Analysis by automotive technology specialist Prodrive has demonstrated the ability of the Gomecsys GoEngine variable compression ratio concept to deliver a 40% improvement in fuel economy without the complex mechanisms of rival designs.
The evaluation programme, which has used industry-standard software tools to examine economy, NVH and manufacturing issues, has the aim of delivering a production-representative design that can be taken forward to the prototype stage.
The Gomecsys approach works by connecting the big end of each cylinder connecting rod to the crankshaft via an eccentric pivot. The pivot is geared using an epicyclic system so that it rotates around the crank shaft at half the speed of crank rotation. In this way the stroke length of the piston is varied over two engine revolutions delivering a true 720-degree engine cycle.
Prodrive has been working since 2003 to help Dutch engine designer Gomecsys refine its innovative engine design.
Prodrive has carried out analysis using the Romax gear analysis software package to understand tooth loading, wear and manufacturing issues in the engine’s novel epicyclic gear train.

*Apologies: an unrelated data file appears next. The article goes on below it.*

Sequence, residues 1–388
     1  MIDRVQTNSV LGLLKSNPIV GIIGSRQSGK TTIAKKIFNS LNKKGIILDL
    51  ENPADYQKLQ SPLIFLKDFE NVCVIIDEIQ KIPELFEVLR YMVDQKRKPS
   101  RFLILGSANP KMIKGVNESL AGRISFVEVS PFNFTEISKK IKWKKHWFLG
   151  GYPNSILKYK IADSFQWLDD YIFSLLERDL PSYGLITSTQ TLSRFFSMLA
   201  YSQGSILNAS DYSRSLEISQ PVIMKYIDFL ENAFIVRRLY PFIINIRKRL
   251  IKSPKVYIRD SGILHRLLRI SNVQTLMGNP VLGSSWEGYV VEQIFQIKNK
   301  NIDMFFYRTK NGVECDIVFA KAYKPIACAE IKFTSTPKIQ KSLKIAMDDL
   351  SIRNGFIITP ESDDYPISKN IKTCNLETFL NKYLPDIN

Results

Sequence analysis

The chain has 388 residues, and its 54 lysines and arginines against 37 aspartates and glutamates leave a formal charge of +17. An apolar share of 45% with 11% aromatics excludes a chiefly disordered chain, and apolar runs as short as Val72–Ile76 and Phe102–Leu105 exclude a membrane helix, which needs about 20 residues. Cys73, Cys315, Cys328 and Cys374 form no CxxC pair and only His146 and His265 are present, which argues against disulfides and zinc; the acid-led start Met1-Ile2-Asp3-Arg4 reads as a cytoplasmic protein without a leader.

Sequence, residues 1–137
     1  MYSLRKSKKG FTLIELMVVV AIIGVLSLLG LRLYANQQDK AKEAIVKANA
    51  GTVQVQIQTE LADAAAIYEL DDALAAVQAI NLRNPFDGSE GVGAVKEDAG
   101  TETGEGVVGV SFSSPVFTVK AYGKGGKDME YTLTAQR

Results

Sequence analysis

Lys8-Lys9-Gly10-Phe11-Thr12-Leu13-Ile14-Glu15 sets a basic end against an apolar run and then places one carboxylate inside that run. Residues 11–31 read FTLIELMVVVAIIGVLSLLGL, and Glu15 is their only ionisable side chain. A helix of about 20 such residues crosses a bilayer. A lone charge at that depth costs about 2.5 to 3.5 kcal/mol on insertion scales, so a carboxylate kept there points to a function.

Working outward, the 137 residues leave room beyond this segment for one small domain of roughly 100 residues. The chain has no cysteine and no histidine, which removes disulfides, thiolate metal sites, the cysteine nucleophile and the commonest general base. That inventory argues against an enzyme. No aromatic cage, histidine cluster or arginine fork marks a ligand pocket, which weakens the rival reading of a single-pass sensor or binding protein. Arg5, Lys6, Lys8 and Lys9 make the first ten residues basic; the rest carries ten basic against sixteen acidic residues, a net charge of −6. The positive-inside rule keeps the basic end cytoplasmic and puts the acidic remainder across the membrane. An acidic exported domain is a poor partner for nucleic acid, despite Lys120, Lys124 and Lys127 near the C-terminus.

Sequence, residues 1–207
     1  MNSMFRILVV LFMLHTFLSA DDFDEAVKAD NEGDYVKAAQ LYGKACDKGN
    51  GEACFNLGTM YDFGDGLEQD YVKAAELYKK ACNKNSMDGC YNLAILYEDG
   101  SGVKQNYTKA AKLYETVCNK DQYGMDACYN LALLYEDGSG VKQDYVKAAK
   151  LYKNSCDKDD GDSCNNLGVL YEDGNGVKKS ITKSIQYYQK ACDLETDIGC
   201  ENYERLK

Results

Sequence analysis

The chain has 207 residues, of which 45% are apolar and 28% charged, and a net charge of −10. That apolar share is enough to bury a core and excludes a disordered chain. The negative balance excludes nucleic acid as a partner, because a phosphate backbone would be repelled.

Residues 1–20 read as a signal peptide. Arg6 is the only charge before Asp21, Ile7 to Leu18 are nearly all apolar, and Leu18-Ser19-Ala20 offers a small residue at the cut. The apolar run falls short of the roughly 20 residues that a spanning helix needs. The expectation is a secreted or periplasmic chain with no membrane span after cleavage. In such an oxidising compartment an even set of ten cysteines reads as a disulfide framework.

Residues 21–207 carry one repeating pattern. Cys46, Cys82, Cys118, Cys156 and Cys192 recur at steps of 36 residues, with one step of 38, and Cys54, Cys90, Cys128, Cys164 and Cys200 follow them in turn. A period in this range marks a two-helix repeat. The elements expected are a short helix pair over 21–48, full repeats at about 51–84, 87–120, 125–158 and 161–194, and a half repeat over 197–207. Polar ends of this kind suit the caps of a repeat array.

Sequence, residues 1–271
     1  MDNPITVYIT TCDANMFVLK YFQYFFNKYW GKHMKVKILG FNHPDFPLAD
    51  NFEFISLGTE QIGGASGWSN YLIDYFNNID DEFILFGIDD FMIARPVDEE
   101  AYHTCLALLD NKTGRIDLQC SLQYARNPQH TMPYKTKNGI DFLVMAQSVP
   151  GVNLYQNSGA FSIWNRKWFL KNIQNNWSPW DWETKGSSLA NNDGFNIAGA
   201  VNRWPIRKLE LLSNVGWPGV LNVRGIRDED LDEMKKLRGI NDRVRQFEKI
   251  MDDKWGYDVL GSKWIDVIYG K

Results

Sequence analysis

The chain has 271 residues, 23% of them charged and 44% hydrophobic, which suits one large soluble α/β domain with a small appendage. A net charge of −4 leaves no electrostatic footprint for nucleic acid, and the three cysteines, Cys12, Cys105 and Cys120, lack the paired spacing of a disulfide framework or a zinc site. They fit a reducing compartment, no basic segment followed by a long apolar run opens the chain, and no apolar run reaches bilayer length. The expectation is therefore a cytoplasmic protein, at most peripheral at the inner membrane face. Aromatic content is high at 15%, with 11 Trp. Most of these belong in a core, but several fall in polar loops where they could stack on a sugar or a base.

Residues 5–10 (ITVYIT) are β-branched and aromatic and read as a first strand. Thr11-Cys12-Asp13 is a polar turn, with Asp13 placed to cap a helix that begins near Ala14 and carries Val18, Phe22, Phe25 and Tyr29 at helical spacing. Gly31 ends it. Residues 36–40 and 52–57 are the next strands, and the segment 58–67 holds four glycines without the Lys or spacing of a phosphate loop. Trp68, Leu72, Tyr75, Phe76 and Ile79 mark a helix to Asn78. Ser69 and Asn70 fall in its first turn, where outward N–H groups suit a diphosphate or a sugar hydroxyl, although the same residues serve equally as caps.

“There was concern that the GoEngine’s gear train would be difficult to engineer and prone to wear,” says Dave Hemming, Prodrive’s chief engine technology specialist. “But our analysis indicates that loads in the gears will be much less than those found in a typical vehicle drivetrain. Manufacturing long lasting gears for the application is not going to present a problem.”
The Gomecsys system allows both the top and bottom dead centre position of the piston to be varied during the engine cycle. Variations in bottom-dead-centre position allow the GoEngine to use overexpansion of up to 150%, following the Atkinson cycle, maximising the extraction of energy from the combustion process and driving up efficiency. Varying the top-dead-centre position, meanwhile, means that the cylinder head can be designed with smaller valve pockets, and allows a degree of automatic internal exhaust gas recirculation at lower engine loads.
Control of the stroke variations is achieved by rotating the ring gear that controls the movement of the eccentric. By adjusting the position of this gear during engine rotation, optimum compression for all operating conditions can be achieved. A further advantage of the eccentric gear train is that the connecting rod is kept close to vertical throughout its stroke, which significantly reduces side-loads on the piston skirts and hence friction of the skirt against the cylinder wall.
Prodrive is now working on a full characterisation of the GoEngine using Gamma Technologies’ widely adopted GT Power engine simulation package. “The aim of the exercise is to verify the engine’s economy benefits using a well-respected and trusted software tool,” says Hemming.
“Our initial results have been extremely positive and we expect to complete the analysis by June this year.”
Armed with data that validates the concept, Prodrive and Gomecsys will be seeking funding for the construction of a production-representative engine prototype within 12 months.